Back in the days of Sunday Silence and Easy Goer, I was eager to learn about horse racing and started frequenting the Strand Bookstore in Greenwich Village. The silvery-blue glass of broken car windows was general along the city streets, and handmade signs taped inside parked cars advertised that the radio had already been stolen¹. Once inside, I would exchange my satchel for a numbered tag, weave my way through the crowded main floor, and take the stairs to the basement level to see what they had on the “Equine” shelves in the “Sports” section.
In those days, the Strand was your best bet for acquiring hard-to-find sporting titles such as Andy Beyer’s Picking Winners (Houghton Mifflin, 1975) or Tom Ainslie’s The Compleat Horseplayer (Trident, 1966). These books were key texts in the core curriculum of this handicapper’s elementary education.
The Strand’s decades-old slogan – “18 Miles of Books” – apparently understates its current inventory by about five miles, which means the store has enough books to cover nearly 16 circuits of the main track at Belmont Park. And even though the “Equine” shelves account for only maybe three-quarters of a length these days, just try finding that many horsey books at your local Barnes and Noble.
Today’s pickings are slimmer than in those days of larcenous crackheads, when I would often stuff that satchel with enough dead weight to have slowed even Ta Wee or Forego to a gallop. And while I have subsequently deigned to surf the net to obtain a rara avis such as Across the Board (Citadel Press, 1956) by Toney Betts (the wonderful “complete sentence as nom de plume” of one Anthony Zito), I still prefer this serendipitous, terrestrial method of book-buying. The anticipatory feeling generated by descending those basement stairs is not unlike walking into a racetrack … what glorious uncertainties await us today?
Sadly, we frontside folk won’t be able to walk into a racetrack (or even the Strand) for the “foreseeable future” (that oxymoronic concept has never seemed more bleakly laughable than it does today, when all our uncertainties seem far from glorious).
These are days for taking your comforts where you find them, and I’ve lately taken some solace in my racing library. Some of the books are favorites that have been read and re-read (and are odds-on to eventually be re-re-read). Others were purchased and placed on the shelves and have only gathered dust (but what’s the point of having a library if you’ve already read all the books?). Rather than indulging in pointless speculation, maybe these days of staying the eff home are better suited for pointless retrospection.
Towards that end, the “From the Racing Library” series kicks off today with one of the few so-called “coffee table” books in my collection, Nancy Stout’s Great American Thoroughbred Racetracks (Rizzoli, 1991).
It’s a hefty, handsome book of black and white photography with quite a bit of text and history (relative to what might be generally expected in the “coffee table” genre). After I purchased it sometime in the early 1990s, it served less as a record of the great tracks I’d already had the good fortune of visiting (Arlington, Belmont, Del Mar, Monmouth, Santa Anita, and Saratoga), and more of an inspiration to eventually make my way to the remaining half-dozen of Stout’s “Greats”.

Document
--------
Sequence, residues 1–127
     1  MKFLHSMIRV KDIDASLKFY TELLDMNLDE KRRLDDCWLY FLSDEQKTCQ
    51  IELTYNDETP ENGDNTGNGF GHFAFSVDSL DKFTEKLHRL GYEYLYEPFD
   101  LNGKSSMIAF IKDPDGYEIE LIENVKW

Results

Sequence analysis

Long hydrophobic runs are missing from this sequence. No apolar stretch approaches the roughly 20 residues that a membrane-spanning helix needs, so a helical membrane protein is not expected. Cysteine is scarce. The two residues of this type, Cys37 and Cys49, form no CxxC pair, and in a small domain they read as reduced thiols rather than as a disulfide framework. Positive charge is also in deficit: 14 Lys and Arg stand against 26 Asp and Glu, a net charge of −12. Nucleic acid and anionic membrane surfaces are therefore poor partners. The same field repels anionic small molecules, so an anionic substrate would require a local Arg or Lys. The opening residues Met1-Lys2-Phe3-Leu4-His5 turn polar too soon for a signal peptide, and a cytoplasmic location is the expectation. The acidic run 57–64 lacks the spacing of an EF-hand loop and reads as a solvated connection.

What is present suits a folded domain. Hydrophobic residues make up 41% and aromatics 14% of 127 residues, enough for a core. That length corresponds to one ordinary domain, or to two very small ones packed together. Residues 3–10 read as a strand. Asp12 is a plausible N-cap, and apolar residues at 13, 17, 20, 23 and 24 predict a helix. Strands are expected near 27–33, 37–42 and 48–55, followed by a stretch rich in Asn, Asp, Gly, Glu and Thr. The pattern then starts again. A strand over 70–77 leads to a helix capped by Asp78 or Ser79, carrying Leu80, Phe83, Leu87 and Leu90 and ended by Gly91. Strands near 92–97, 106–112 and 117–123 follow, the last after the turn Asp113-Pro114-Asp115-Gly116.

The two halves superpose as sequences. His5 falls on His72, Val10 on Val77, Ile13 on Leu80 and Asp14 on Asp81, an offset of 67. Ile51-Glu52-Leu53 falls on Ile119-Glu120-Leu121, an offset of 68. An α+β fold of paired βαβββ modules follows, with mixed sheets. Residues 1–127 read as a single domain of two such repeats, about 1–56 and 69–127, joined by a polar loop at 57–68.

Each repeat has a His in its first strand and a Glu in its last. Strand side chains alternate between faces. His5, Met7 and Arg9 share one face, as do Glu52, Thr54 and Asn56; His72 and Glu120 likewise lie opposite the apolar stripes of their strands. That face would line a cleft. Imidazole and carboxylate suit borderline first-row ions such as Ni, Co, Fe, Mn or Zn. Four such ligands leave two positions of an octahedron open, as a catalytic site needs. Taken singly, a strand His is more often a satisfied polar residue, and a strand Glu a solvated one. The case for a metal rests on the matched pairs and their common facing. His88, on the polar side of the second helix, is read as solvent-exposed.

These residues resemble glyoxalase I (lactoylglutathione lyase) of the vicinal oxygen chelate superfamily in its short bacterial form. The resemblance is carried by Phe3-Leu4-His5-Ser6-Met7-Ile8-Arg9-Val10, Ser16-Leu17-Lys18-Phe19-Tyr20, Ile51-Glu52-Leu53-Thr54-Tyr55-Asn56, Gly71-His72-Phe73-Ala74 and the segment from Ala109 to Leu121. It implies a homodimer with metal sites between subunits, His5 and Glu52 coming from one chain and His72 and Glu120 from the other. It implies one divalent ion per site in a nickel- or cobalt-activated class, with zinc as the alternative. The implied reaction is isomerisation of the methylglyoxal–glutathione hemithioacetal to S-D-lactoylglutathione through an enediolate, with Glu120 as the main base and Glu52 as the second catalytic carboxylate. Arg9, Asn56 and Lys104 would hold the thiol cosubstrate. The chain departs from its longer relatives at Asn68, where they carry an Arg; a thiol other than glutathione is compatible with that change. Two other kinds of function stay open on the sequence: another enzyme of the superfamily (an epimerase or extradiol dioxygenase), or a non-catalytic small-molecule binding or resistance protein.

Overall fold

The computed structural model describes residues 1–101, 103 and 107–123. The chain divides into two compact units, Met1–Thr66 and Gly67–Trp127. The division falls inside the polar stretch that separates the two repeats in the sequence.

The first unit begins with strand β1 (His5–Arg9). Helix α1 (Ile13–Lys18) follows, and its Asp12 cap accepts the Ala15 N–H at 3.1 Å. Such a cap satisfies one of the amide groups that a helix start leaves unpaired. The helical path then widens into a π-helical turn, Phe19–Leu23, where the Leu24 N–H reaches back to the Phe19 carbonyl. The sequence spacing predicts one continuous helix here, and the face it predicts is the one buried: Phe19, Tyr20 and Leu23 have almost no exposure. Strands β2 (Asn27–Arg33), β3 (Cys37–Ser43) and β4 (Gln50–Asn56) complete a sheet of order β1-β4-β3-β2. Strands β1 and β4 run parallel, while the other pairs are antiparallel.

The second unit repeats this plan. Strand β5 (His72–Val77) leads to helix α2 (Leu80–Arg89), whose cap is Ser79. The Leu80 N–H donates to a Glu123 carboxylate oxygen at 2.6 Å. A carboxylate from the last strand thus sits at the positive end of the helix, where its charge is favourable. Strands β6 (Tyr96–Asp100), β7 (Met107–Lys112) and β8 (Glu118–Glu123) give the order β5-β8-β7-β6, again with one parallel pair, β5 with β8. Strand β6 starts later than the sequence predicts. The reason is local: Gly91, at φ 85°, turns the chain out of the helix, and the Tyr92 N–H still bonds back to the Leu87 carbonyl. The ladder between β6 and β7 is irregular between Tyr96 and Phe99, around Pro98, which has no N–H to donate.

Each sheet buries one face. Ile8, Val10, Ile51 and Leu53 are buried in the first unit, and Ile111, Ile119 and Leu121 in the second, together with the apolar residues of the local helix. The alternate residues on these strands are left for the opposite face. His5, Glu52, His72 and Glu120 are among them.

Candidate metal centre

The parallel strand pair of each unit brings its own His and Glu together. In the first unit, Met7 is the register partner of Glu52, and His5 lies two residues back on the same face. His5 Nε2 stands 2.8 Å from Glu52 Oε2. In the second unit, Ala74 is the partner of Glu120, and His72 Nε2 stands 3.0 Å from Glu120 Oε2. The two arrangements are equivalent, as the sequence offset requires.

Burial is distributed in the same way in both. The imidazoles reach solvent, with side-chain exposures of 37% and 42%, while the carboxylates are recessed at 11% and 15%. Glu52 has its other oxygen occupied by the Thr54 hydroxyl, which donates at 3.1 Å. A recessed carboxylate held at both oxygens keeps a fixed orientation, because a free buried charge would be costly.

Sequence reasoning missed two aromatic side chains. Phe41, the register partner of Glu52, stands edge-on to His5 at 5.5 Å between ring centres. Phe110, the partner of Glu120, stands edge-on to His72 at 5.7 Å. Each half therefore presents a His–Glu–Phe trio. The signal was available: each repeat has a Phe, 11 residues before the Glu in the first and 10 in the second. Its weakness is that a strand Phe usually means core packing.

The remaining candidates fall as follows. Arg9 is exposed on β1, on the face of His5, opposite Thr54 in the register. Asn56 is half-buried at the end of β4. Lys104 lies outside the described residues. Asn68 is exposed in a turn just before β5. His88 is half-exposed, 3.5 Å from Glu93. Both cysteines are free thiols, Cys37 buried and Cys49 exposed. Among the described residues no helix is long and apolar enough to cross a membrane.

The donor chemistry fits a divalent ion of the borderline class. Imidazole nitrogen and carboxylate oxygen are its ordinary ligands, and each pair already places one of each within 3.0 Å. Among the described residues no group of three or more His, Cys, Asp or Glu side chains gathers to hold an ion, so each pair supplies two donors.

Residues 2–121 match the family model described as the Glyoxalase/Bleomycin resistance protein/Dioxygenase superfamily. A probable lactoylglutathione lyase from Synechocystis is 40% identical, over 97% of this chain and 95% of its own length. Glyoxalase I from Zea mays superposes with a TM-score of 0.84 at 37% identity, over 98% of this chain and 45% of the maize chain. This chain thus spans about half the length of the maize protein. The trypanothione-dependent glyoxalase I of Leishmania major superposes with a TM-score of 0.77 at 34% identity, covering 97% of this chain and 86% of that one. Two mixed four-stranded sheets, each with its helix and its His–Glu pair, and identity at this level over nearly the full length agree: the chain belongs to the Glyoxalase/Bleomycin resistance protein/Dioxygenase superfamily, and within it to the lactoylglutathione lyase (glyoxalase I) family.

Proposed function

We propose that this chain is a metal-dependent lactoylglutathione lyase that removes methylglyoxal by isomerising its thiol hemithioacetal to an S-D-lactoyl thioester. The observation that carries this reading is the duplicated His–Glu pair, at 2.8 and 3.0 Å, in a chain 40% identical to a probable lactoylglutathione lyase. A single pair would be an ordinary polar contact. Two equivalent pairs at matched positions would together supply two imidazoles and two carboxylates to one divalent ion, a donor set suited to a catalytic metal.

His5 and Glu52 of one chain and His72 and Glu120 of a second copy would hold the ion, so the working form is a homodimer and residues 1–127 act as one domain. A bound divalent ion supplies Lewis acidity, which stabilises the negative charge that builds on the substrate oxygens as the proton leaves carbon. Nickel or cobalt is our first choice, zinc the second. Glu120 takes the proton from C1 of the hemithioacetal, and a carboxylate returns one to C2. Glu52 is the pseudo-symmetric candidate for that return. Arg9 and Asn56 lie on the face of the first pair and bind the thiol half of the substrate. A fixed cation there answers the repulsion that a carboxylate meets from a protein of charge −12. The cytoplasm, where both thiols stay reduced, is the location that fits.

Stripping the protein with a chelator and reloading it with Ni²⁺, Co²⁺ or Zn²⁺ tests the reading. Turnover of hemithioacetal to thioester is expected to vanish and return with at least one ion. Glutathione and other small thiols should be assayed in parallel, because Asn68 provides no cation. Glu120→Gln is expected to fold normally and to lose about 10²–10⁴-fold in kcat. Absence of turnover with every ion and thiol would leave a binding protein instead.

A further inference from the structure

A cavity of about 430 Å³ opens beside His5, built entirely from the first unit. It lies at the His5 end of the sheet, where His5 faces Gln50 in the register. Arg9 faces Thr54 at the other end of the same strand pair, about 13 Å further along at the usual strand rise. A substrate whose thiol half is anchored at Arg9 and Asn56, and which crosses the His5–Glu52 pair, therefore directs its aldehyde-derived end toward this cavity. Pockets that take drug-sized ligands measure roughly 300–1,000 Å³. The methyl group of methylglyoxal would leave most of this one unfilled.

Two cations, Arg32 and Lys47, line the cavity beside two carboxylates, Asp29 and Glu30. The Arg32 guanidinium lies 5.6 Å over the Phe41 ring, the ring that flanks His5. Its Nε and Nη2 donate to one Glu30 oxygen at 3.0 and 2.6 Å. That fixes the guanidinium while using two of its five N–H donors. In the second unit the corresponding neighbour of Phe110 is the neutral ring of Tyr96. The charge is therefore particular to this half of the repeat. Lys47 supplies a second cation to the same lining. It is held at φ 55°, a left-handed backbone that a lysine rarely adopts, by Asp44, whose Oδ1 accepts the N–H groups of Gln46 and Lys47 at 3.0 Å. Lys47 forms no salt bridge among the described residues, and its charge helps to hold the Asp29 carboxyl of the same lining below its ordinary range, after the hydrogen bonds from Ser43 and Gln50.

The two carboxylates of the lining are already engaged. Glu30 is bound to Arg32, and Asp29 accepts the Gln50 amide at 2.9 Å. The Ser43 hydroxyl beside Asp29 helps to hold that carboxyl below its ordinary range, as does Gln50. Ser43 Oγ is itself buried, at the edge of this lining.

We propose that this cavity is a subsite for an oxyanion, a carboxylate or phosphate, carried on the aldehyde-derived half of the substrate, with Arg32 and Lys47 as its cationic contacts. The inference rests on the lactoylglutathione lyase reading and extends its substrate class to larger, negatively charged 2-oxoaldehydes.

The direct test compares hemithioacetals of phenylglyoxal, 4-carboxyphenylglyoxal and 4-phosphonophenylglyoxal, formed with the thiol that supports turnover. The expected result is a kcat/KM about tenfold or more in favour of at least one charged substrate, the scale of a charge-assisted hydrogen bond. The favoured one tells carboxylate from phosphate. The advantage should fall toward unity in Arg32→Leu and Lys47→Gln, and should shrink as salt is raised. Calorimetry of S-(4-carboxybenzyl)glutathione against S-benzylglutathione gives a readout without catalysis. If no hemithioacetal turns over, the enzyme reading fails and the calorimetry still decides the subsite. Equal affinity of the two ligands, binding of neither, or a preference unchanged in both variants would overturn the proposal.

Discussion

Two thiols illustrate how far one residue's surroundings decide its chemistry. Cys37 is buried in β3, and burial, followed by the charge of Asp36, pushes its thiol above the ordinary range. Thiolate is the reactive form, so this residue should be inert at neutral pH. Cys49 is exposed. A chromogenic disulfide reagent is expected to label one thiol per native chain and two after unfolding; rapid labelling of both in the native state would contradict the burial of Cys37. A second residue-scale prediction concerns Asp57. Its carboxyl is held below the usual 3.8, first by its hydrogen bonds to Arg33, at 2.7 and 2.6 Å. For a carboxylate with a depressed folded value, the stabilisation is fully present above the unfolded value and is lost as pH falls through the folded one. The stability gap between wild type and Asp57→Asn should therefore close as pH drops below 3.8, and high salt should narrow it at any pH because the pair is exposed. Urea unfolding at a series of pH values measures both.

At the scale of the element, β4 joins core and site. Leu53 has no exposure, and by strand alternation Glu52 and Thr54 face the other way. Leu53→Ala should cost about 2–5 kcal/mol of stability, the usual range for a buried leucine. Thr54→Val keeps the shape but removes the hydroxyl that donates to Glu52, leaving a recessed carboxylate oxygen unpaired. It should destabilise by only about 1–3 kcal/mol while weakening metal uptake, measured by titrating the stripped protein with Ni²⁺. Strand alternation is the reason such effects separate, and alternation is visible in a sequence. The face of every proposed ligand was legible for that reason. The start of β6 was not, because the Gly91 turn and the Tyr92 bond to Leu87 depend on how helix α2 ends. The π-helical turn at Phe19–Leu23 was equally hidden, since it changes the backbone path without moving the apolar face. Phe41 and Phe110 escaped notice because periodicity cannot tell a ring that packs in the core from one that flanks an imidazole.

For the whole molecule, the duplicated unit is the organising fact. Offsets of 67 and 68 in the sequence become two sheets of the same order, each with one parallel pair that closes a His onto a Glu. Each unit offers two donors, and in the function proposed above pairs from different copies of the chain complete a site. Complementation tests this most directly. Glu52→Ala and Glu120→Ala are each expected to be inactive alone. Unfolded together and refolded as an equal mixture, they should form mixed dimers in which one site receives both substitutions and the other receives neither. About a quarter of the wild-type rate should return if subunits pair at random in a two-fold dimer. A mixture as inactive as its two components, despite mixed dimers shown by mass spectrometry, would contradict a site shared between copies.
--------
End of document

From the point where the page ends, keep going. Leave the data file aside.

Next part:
Churchill got crossed off the list when I attended the 1998 Breeders’ Cup. It would take 18 years to make any further progress, but in 2016 I was able to visit two more (however, by then the old Gulfstream grandstand had been trampled by a giant Pegasus and the lovely Hialeah clubhouse had been effectively reduced to the most architecturally significant off-track-betting parlor in the Western World).
The Fair Grounds, Keeneland, and Oaklawn Park complete the field, and remain prominent on my “would like to get there someday” list.
Looking at Great American Thoroughbred Racetracks today, it’s haunting to see so many photos of empty racetracks (even if that’s the whole point of architectural photography). Arlington remains a gorgeous dream of a racetrack, and – even before the pandemic struck – it was heartbreaking to think about its cloudy future.
Other photos (apologies for not being able to include them here or offer links) – in the context of these troubled times – have an eerie quality. Santa Anita’s Americana Room (page 199) and the Keeneland Room (also known as the “Clubhouse Entrance”, page 137) have the elegant but vacant look of black-and-white film stills from “The Shining”.
OK, perhaps Great American Thoroughbred Racetracks wasn’t the most uplifting starting point for some escapist, pointless retrospection. But it’s a wonderful book, and I’ve got dozens more where this one came from. And if old books can’t do anything to improve our current situation, maybe they can remind us of happier times, and help to convince us that, surely, there must be better days ahead.
¹A popular urban myth of the time had the owners of these cars returning to find that their window had been smashed anyway, with the non-trusting thief having left a note that read “Just checking”. It was around this time I sold my car and started riding a bike.